Warren Buffett, the “Oracle of Omaha”, spoke at the Berkshire Hathaway annual meeting 2020, held on May 2. However, conditions were different this time.
Berkshire Hathaway Annual Meeting 2020 Takeaways
The Berkshire Hathaway Annual Meeting Event
The Annual Berkshire Hathaway shareholders meeting is recognized as the “Woodstock for capitalists”. In 2019 the event, which took place in Omaha, Nebraska on May 4, drew over 40,000 attendees.
This year, due to the coronavirus pandemic, the event was held behind closed doors. Shareholders were not allowed to go, but instead, the event was live-streamed on Yahoo, and investors from around the globe tuned in to obtain advice during these uncertain times.
Only Warren Buffett, CEO, and Greg Abel, Berkshire’s vice chairman of non-insurance operations, were physically present for the meeting. Even the board, including vice chairman Charlie Munger, was not physically present. History was made as Warren Buffett offered his views on the company, the economy, the markets, corporate governance, and much more.
Dow Jones Newswires reported that the city lost out on over $21 million making a massive local economic impact.
Berkshire Hathaway First Quarter Results
Like most of the rest of the world, Berkshire Hathaway reported its financial figures at a loss because of massive disruptions from the COVID-19 pandemic. The company mentioned the term COVID-19 31 times, and net losses of almost $50 billion were reported.
Operating earnings were up $5.9 billion
Investment gains were down $54.5 billion
Net earnings were down $30.7 billion per A share
Net earnings were down $20.4 billion per B share
Cash and equivalents were up $137.3 billion
Their auto insurance saw profits mainly because people have not been driving during the pandemic crisis, but their railroad utilities business activity has seen a considerable decline.
Paycheck Protection Program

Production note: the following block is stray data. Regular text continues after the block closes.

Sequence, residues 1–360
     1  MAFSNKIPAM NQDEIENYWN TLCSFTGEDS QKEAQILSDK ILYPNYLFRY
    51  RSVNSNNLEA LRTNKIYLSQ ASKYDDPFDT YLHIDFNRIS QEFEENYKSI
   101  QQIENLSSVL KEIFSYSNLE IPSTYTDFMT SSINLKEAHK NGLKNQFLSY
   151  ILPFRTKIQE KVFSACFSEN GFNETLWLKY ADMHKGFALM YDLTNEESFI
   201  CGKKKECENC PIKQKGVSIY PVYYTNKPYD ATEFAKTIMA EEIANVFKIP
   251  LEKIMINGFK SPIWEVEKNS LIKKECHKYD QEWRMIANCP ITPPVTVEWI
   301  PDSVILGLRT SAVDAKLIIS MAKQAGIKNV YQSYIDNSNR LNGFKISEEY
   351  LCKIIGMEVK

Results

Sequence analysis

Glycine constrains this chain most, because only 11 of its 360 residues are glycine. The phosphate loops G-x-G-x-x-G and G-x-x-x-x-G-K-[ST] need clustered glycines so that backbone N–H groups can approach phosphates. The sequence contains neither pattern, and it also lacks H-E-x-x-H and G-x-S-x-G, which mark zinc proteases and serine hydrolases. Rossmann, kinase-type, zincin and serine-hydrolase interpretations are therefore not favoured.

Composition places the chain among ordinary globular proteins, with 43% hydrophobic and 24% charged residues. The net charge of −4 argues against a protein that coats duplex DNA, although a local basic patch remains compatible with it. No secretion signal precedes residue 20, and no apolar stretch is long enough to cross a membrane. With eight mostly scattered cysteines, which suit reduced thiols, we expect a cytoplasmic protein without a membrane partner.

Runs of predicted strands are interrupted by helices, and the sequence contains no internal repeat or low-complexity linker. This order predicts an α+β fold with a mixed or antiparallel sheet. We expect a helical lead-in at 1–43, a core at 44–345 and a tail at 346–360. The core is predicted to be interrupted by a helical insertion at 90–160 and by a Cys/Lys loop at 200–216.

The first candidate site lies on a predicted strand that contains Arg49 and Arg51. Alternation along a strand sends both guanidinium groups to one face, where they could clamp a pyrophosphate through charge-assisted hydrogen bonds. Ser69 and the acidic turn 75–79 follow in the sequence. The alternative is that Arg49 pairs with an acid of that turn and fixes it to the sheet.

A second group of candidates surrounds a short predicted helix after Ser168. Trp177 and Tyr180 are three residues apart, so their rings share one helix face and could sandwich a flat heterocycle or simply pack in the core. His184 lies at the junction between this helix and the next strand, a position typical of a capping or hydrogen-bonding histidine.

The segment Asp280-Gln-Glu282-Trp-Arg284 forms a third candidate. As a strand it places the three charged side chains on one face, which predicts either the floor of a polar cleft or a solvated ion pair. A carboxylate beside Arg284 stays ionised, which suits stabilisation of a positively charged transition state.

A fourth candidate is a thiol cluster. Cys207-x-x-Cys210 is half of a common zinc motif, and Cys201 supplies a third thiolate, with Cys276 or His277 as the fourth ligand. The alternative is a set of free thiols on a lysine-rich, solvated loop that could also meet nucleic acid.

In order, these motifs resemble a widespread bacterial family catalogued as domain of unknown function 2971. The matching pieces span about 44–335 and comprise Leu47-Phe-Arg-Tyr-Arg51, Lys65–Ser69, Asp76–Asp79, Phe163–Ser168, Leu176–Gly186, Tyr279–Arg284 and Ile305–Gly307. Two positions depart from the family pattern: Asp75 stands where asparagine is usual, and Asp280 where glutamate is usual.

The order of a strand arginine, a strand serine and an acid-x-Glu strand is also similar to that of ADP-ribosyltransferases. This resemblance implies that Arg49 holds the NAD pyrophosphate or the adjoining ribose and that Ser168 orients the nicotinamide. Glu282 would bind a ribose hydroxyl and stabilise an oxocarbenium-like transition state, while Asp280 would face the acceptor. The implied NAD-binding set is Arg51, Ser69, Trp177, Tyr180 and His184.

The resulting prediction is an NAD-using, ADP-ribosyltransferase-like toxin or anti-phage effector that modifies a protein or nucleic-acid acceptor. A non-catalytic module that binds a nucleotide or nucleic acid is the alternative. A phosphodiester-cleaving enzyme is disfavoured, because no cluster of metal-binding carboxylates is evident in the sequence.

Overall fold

The coronavirus pandemic has impacted small businesses massively in the U.S. and around the globe; restaurants, bars, and other non-essential businesses have been forced to close to follow “shelter in place” guidelines to reduce the spread of the virus.
Buffett said: “Well, I don’t want to get into politics generally, but I think that’s a very good idea to take care of the people having terrible trouble taking care of themselves in a period like this… I am 100% for taking care of the people that really get hurt by something that they had nothing to do with.”
He praised lawmakers for assisting small businesses with aid and “acting properly” regarding the matter.
Occidental Petroleum "Mistake"
Investors went crazy recently when oil prices went negative. The volatility of crude oil sparked stakeholders to question Warren Buffett about the investment he made in Occidental Petroleum (OXY) last year.
During the question and answer session, Buffett said: “If you’re an Occidental shareholder or any shareholder in any oil-producing company, you join me in having made a mistake in where oil prices went,”.
“[The investment] was attractive at oil prices that then prevailed. It doesn’t work obviously at $20 a barrel, certainly doesn’t work at -$37 a barrel. It doesn’t work at these oil prices. That is why oil production is going to go down in the next few years because it does not pay to drill. This situation is you don’t know where you’re going to store the incremental barrel of oil, oil demand is down dramatically. For a while, the Russians and Saudi Arabians were trying to outdo each other in how much they could produce. When you got too much in storage it doesn’t work its way out of that fast.”
Naturally, there were many questions around which investments shareholders should watch and Buffett advised the average investor to buy S&P 500 index funds.
Buffett cautioned investors that “anything can happen in terms of markets,” and that “you don’t know what’s going to happen tomorrow.” He advised to not use borrowed money to invest in case of future events that have adverse economic effects, such as 9/11.
Buffet Remains Optimistic
Buffet remains optimistic about the future of the American economy stating: “The range of possibilities on the economic side is still very wide”.
He said that it will take years to assess the full impact of the current “sidelining” of the U.S. economy and the impacts of the COVID-19 coronavirus pandemic. However, Americans have “faced tougher problems”. He went on to talk about historical events such as the Civil War in which 6% of the primary workforce died, a figure much higher than coronavirus mortality rates.
Buffet asserted that this young country, at 231 years, has made “miraculous” accomplishments and to “never bet against America”.
Did you tune in to the Berkshire Hathaway Annual Meeting 2020? What did you think about Buffett’s comments? Please tell us below.